Ensuring sufficient concentration of nematicide active remains in the target soil control zone surrounding roots is crucial to offer more effective control against the now dominant species of Potato Cyst Nematode (PCN), Globodera pallida.

Rob Farrow, Syngenta Area Manager and potato specialist for Shropshire and the north-west, highlighted results of new research that has shown the relative solubility of Nemathorin sees more of the active retained higher in the profile, compared to oxamyl that moved down faster in a laboratory solubility study.

“Both actives readily moved out from the point of application, but the initial stage studies have importantly shown that a higher concentration of Nemathorin active, fosthiazate, is retained in the upper zone.

“The implication is that, if the active moves through the soil profile too quickly, the concentration of active left could be insufficient to paralyse juvenile nematodes and prevent crop damage, as well as leaving more nematodes to multiply at the end of the season,” warned Mr Farrow.

In the trial, 76% of the applied fosthiazate was recovered from the representative upper soil zone, compared to 55% of oxamyl. By contrast, twice as much oxamyl had moved into the representative lower soil zone, as a proportion of the original application, compared to the Nemathorin (fosthiazate).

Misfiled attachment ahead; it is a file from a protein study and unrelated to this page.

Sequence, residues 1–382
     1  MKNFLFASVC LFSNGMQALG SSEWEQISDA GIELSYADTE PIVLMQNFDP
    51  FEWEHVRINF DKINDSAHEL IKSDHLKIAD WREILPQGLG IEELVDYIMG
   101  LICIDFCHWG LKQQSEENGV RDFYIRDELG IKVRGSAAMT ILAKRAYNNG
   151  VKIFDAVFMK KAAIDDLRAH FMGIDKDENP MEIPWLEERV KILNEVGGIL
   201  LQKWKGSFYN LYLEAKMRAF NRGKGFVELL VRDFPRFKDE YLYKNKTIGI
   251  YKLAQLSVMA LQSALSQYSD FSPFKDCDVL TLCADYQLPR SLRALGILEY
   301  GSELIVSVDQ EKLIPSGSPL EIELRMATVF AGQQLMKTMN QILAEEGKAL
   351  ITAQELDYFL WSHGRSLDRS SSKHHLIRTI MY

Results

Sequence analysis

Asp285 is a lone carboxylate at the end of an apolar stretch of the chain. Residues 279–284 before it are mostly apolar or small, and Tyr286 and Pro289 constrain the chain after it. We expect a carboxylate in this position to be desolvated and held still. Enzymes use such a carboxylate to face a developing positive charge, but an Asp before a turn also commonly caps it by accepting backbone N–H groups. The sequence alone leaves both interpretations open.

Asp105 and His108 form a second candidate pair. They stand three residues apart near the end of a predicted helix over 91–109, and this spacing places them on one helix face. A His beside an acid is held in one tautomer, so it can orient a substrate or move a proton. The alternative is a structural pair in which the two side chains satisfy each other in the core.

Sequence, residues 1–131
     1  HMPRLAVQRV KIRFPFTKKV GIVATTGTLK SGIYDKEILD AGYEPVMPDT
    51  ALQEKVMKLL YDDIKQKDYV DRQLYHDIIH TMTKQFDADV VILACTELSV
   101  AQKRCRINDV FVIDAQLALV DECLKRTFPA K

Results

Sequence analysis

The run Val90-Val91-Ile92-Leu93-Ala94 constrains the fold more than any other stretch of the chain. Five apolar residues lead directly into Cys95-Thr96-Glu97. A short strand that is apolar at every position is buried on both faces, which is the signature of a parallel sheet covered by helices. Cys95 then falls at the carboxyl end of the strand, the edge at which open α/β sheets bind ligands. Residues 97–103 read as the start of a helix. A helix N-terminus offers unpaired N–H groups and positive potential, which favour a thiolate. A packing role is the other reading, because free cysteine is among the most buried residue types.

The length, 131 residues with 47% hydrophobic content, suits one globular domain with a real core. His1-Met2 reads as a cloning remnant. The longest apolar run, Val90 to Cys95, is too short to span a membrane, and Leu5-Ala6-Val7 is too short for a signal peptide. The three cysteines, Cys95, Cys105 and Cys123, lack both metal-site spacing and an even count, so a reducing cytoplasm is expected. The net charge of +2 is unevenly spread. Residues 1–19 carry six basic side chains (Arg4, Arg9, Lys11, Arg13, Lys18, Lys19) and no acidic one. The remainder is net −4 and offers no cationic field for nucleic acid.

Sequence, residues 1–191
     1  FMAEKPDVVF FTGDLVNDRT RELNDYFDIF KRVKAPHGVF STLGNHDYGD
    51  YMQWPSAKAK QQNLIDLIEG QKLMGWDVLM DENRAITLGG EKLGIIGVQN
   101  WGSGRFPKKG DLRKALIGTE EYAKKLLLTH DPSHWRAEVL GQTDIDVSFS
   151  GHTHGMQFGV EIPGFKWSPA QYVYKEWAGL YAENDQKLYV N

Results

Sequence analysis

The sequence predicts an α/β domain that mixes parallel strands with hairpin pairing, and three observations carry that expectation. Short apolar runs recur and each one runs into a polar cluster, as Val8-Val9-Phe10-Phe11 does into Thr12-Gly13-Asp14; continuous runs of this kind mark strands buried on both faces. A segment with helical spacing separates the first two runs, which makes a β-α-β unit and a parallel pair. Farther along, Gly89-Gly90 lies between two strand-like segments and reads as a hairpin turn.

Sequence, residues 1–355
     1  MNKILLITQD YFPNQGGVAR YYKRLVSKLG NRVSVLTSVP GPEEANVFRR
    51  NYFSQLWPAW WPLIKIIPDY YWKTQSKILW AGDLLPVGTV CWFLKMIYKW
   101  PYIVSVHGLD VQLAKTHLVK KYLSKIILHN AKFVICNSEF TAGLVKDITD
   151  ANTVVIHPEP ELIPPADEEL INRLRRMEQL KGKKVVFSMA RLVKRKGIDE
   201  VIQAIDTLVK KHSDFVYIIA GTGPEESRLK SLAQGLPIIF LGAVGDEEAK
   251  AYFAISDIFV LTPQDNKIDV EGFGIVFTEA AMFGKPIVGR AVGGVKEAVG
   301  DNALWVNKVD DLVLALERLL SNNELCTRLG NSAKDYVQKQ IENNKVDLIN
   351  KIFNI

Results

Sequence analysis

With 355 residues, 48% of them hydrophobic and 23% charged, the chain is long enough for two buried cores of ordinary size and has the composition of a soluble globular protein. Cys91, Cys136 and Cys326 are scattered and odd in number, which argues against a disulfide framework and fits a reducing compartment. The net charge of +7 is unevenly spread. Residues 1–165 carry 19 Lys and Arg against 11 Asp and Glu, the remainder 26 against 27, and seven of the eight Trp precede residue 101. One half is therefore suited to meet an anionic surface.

“Maintaining a higher concentration of active, through accurate application and granule placement in the target planting zone, will ensure better control of PCN, particularly as the season progresses,” advocated Mr Farrow.

The challenge with G. pallida species is especially serious, as the cysts and eggs tend to hatch over a prolonged period, compared to the other primary PCN pest species, G rostchiensis. “Pallida is now the dominant PCN species, shown to be present in over 90% of populations,” reported Mr Farrow. “Its cysts typically survive longer in the soil – which can limit the effects of rotational breaks – and growers’ options for Pallida tolerant or resistant varieties are more limited.”

Demonstrating the results at The British Potato Event, BP 2017, Mr Farrow emphasised that growers must pay attention to application and incorporation, as well as detailed soil testing to identify the extent of PCN populations and the specific species threat they face.

The Jealott’s Hill research has reinforced that Nemathorin should not be used with crops destined for early lifting and that growers must abide with the label stipulation of 119-day minimum interval from application to green-top lifting or burn-down.

Further trials are now planned to simulate soil movement of Nemathorin in different soil types and under specific rainfall patterns or irrigation schedules of commercial potato fields. “We know that Nemathorin is particularly effective for PCN control,” said Mr Farrow.

“The more information that we can provide to growers and agronomists, the better they will be able to utilise its strengths as part of their Integrated Pest Management programmes.”